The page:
Written by Allison Grass, Class of 2012
Greetings from Winneba, Ghana. I am two weeks into my eight week student teaching placement in Ghana, Africa. I wanted to take a moment to send out a quick update and give you a glimpse into the daily life of our team.
Our day starts bright and early as we begin our three mile walk to school at 6:30 a.m. While it can be a long and humid walk, it is one of the most peaceful times of the day. We get to watch the sunrise and the city come to life. We also get to visit with our favorite shop owners that we’ve built relationships with along the way. We arrive at school around 7:30 a.m. and begin morning exercises with our students. Each child has a chore that they are responsible for completing before the morning assembly where they have a time of prayer and worship. Even though it is a public school, they still take time to worship God every morning. After prayer, the drums come out and the students march off to class where they study a variety of subjects similar to that of an American school. This being said, there are many stark differences. First of all, I have 80 6th grade students packed into one room ranging in ages from 10-17. We have very limited teaching resources, and we often have guest appearances from lizards and rats. Despite these factors, the students love to learn. Their desire to learn is truly inspiring. School ends around 1:30 p.m. and many of the students offer to walk us home. While the walk is long, it’s a sweet time to get to know them and see where they live.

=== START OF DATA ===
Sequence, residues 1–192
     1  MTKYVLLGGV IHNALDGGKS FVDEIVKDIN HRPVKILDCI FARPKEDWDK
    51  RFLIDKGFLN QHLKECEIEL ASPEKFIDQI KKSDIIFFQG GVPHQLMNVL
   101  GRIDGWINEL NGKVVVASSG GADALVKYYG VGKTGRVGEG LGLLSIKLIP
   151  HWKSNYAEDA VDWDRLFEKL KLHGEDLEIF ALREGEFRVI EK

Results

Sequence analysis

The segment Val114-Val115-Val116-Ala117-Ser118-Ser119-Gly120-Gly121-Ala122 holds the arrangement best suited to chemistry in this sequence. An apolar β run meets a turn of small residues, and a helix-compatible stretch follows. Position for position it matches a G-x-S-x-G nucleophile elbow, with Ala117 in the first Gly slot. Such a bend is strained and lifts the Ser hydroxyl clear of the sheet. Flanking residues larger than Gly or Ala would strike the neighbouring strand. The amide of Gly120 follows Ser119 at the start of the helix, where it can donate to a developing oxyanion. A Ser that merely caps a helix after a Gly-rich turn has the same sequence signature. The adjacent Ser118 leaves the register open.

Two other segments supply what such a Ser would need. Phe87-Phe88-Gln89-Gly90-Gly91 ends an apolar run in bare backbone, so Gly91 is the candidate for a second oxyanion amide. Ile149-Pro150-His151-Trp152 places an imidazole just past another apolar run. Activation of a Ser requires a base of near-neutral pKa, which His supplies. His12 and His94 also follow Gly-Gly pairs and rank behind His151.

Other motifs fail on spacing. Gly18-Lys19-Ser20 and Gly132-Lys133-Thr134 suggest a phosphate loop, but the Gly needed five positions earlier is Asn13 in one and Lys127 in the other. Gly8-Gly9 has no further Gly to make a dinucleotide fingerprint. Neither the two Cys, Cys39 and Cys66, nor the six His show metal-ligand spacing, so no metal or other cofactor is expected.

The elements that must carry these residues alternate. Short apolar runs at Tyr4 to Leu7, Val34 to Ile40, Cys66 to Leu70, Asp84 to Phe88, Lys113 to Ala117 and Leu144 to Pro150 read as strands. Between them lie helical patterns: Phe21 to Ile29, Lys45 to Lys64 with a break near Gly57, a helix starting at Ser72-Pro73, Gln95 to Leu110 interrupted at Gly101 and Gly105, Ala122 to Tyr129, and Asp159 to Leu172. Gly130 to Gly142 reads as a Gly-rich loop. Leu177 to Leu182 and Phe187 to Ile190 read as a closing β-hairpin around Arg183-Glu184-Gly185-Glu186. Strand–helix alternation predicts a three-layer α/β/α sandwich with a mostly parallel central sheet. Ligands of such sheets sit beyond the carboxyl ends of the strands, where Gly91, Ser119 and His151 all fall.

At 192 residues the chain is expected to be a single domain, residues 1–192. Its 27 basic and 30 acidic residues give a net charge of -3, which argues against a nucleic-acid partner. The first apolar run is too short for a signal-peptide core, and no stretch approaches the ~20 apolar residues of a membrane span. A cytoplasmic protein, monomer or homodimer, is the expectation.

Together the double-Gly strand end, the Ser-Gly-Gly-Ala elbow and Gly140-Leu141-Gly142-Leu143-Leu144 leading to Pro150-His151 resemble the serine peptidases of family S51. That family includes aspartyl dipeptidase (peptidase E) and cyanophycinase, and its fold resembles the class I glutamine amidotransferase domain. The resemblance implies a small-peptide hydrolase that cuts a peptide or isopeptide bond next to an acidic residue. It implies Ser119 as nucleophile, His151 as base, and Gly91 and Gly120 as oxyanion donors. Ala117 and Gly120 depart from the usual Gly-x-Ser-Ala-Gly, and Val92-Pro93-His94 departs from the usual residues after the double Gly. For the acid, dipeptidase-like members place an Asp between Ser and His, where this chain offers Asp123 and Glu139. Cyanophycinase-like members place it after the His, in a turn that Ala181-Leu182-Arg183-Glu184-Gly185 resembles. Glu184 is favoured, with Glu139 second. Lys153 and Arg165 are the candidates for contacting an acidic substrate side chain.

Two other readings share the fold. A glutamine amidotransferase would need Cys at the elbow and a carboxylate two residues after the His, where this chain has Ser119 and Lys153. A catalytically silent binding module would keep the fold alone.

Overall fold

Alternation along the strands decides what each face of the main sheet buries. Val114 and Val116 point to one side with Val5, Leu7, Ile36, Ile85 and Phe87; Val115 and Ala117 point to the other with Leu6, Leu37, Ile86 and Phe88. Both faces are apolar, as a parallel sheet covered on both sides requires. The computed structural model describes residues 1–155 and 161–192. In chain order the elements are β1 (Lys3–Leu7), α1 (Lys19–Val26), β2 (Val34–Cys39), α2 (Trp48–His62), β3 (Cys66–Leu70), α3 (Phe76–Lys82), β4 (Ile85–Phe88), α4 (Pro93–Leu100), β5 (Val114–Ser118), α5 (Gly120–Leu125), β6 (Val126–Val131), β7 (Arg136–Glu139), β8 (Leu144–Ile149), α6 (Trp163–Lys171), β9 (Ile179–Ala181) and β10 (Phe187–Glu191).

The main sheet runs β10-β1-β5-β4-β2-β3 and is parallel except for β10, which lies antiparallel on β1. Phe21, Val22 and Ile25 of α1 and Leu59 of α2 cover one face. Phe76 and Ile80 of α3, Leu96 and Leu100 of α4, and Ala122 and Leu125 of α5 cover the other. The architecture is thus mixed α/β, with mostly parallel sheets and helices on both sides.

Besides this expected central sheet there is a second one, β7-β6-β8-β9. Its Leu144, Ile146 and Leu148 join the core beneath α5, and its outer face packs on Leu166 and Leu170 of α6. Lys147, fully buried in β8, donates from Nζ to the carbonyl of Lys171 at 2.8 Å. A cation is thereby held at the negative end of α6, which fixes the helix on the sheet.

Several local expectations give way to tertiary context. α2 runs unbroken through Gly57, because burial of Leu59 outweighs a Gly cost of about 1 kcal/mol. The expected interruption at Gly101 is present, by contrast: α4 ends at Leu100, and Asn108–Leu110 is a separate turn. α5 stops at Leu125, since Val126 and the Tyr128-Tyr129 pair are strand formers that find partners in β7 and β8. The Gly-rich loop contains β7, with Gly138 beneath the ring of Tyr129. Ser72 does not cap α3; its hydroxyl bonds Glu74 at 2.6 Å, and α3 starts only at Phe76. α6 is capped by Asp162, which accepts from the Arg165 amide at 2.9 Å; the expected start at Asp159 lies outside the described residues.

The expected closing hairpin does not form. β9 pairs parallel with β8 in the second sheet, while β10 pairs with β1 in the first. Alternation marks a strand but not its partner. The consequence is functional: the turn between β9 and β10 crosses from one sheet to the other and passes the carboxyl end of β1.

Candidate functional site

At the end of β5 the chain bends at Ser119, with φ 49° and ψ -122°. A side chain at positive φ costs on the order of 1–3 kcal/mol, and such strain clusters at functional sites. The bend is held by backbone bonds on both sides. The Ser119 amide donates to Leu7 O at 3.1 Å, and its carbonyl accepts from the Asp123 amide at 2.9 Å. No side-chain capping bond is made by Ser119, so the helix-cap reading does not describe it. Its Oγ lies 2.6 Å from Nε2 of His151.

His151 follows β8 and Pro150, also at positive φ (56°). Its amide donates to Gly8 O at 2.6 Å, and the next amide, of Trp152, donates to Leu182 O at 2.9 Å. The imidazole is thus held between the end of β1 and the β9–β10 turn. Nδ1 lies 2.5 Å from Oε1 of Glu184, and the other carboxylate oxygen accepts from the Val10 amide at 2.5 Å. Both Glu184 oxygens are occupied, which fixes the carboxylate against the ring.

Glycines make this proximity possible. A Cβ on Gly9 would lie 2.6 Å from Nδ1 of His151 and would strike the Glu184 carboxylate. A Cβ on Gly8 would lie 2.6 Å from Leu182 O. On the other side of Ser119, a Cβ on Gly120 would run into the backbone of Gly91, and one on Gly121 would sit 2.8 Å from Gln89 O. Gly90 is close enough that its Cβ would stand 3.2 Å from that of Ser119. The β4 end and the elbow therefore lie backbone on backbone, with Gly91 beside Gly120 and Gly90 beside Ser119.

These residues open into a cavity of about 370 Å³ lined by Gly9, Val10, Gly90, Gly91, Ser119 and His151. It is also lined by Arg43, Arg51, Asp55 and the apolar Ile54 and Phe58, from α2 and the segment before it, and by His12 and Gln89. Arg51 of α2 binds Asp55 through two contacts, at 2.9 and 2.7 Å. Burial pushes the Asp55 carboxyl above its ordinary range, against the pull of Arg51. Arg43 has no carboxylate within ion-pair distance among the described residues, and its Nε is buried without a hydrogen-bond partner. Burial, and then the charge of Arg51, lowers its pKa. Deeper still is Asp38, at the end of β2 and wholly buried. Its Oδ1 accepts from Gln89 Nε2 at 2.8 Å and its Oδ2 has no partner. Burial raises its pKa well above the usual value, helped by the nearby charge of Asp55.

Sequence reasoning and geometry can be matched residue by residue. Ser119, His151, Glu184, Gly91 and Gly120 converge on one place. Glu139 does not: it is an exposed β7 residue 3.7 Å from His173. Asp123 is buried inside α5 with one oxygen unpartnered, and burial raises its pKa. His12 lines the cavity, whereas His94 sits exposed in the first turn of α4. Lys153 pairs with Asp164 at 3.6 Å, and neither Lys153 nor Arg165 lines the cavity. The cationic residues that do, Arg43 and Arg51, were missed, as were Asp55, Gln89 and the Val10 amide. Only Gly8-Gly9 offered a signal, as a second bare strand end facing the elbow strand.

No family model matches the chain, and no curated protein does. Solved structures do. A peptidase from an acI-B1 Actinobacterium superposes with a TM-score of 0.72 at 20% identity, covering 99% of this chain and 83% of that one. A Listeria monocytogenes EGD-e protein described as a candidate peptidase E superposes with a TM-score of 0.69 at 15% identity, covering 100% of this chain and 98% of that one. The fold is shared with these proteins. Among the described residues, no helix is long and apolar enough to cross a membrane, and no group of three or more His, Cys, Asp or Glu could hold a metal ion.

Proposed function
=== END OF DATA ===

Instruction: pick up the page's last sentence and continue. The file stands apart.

- The greatest thing you can do for someone is to truly love them. When I walked into my class on day one, I was overwhelmed with the poverty represented among my students. I wanted to buy them all water, clothes, and shoes. I want to be able to provide shelter and health care for them. I felt defeated at the power volume of their needs. Then I realized what most of them wanted more than anything is love. I am striving each day to love each individual I come into contact with the best I can. My interaction with them may be their only glimpse of the love of Jesus.
- I have also been challenged to handle the inconveniences of life with grace and love. One day last week it was pouring rain on our walk home from school. We were lost, soaking wet, and filthy. In the midst of my complaining thoughts, I looked down at the little boy walking us home, and he said, “this rain is a blessing from God”. He was able to see the beautiful in the midst of struggle.
I encourage all of you to look for the beautiful moments in the midst of life’s trials. Love those around you and rely on Christ as your source of strength. I appreciate all of your love and support!